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The Auditory World of Jump Scares

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There are a few key steps any good composer will follow when it comes to jump scares. Here’s what you should look out for...

If you’re watching a horror movie with a lot of jump scares, you might notice how certain films build tension before the scares. Sometimes the background music will stop, leaving dead silence where there should be a little bit of noise. Occasionally, it will build to a crescendo just before the scares happen, leaving you anticipating what’s coming next. It could be a low thrumming noise or a high-pitched beeping in the background that has you on edge. Each movie brings something new to the auditory world of jump scares, and it might seem like there’s no one way to create a good one. However, there are a few steps that any composer will follow when creating the best jump scare build-ups, and the more you watch out for them, the easier it will be to spot which movies follow which guidelines.

Repetitive noises

If you’re a big fan of the Friday the 13th franchise, chances are you’re already aware of this phenomenon. The tactic it brought to audience attention was the idea of creating a distinct, repetitive background noise that would play anytime jump scares were about to happen. In Friday the 13th’s case, it was a very soft, “ch ch ch, ah ah ah” that would appear – just barely – in the background music before the killer, Jason, appeared. The idea was that, over the course of the film, the audience would unconsciously begin to associate that noise with Jason; this way, any time the noise was played, they would feel nervous and on-edge without understanding why. This tactic has become much more common in recent blockbusters; you can look for a series of two to four notes that are played repetitively at high-tension moments in the film, a quiet background noise that continues until the jump scares occur, or even a particular instrument that is introduced right before something big happens (like a drum sequence, eerie piano, or even high-register harp or triangle chimes).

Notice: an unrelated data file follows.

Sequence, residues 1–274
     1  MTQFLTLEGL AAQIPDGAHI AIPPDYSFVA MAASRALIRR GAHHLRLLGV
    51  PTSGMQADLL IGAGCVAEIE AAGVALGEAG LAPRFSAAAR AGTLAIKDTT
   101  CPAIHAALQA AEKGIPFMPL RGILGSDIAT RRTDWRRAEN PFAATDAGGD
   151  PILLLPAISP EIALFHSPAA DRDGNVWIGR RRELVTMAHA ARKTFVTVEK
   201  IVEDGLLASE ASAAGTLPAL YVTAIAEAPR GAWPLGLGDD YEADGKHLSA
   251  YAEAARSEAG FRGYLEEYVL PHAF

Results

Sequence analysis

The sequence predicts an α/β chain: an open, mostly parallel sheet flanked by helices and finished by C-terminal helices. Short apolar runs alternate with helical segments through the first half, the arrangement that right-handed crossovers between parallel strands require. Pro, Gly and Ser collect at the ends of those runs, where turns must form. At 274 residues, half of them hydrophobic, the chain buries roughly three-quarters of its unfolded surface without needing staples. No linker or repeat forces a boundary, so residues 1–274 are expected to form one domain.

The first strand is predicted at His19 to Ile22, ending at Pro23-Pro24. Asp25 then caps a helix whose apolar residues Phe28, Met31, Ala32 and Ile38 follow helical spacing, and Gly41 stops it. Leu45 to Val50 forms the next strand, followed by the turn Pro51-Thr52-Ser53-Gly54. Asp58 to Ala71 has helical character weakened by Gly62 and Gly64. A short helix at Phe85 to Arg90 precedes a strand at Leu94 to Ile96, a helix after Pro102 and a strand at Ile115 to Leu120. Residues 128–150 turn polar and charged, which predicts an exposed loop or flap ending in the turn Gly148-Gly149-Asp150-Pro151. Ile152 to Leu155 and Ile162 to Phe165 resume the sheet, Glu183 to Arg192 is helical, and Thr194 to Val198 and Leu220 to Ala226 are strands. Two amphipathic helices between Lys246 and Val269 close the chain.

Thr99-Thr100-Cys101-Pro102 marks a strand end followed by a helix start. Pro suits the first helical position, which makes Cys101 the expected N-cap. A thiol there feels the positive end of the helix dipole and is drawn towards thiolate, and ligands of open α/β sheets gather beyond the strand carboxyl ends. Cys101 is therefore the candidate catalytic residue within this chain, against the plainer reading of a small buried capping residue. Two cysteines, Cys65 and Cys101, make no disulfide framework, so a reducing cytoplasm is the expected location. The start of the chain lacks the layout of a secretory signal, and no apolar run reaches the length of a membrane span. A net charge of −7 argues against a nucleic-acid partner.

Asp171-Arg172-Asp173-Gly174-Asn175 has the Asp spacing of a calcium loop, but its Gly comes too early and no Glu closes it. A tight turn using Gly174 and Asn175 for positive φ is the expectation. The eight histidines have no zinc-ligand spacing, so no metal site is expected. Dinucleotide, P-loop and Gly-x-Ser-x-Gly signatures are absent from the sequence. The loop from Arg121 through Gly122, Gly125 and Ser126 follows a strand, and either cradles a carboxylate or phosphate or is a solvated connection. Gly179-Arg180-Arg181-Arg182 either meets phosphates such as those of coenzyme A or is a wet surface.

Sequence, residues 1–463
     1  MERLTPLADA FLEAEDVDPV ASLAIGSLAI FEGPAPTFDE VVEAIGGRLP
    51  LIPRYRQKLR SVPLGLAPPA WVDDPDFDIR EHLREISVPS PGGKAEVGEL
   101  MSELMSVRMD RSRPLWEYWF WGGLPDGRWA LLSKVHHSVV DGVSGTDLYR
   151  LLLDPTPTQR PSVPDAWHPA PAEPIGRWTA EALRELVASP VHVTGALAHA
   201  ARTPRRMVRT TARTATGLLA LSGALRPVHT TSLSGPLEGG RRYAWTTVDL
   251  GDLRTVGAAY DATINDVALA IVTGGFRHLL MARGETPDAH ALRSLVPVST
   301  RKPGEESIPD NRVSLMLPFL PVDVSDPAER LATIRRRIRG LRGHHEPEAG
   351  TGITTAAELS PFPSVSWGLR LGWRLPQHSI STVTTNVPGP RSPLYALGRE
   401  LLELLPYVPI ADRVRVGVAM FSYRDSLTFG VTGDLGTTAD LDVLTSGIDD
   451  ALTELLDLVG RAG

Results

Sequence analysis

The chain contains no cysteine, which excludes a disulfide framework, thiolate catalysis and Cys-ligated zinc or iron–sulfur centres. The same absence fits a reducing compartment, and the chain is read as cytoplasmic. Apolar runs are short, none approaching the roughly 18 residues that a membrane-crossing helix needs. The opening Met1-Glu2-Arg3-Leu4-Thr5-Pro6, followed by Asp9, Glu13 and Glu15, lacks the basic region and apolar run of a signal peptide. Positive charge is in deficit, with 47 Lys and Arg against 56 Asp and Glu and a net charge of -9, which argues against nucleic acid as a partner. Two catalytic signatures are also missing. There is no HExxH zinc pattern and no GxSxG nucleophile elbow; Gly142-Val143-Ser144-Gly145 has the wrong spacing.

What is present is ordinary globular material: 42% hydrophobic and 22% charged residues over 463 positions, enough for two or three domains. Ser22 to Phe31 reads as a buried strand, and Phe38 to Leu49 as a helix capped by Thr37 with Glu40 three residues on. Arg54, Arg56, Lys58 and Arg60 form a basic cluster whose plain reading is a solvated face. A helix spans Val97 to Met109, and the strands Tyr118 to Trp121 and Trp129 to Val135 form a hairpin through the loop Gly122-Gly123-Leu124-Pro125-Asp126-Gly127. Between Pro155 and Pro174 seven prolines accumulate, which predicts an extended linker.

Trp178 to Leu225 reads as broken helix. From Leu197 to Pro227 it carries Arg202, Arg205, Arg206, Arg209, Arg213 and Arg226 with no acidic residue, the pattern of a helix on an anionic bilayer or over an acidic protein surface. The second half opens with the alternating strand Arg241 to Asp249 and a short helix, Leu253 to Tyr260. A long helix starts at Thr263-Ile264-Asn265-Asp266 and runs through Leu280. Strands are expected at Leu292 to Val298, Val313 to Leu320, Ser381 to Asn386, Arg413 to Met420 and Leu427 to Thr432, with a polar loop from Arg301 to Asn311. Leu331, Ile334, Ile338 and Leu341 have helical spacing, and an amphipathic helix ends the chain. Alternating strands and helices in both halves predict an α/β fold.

19 Hz (or lower)